In this interview series, we learn about the perspectives of the PhD students whose wide-ranging work contribute to the...
Sea Level Research - Benjamin Horton
Rising sea levels pose substantial risks to coastal populations, economies, infrastructure, and ecosystem services. Of the ~1 billion people worldwide living in low-elevation coastal zones, ~70% are located in Asia. Improving our understanding of past and present sea-level changes is crucial in minimizing the effects of sea-level rise through appropriate coastal planning, adaptation, and mitigation strategies based on sound reasoning. This is complicated, however, because regional and local relative sea-level changes differ from the global mean due to a variety of driving mechanisms associated with vertical land motion, atmospheric and ocean dynamics, and tectonics. Understanding the impact of these mechanisms on past and present-day sea levels provides greater confidence in accurately quantifying their contribution to future sea-level projections and for better adaptation and management strategies.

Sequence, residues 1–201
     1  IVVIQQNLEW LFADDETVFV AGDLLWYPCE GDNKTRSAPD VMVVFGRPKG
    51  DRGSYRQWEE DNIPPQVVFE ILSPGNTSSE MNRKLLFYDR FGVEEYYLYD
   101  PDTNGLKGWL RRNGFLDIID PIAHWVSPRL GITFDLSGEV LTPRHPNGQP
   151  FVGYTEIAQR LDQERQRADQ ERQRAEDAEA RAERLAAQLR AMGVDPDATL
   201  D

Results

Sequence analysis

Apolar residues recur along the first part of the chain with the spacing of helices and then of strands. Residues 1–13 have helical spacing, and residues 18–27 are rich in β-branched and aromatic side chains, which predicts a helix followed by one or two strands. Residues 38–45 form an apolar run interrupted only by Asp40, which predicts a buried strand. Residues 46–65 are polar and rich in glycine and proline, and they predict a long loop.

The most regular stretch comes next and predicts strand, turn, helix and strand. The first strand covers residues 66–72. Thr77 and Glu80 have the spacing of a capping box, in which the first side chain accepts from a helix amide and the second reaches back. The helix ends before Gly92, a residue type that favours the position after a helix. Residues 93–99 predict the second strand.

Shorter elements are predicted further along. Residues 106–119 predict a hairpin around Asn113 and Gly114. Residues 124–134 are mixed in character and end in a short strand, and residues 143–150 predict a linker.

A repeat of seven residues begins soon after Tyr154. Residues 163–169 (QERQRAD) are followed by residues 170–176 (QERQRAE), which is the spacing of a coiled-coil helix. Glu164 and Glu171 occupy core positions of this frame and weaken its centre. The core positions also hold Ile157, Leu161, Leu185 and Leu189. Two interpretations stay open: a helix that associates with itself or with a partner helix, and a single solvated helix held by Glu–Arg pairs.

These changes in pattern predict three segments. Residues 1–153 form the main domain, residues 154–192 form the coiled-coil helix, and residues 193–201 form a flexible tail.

The limited instrumental and paleo sea-level reconstructions in Singapore and Southeast Asia hinder the interpretation of sea-level change on global, regional and local scales and limit the possibilities to tune and refine models that predict...
Future sea-level rise will generate hazards for coastal populations, economies, and infrastructure of Singapore.
Relative sea-level changes along the Northern Sea Route: from patterns and rates to drivers and mechanisms
The rapidly changing climate, rising temperatures and declining Arctic Sea ice have the potential to open the Northern Sea Route (NSR).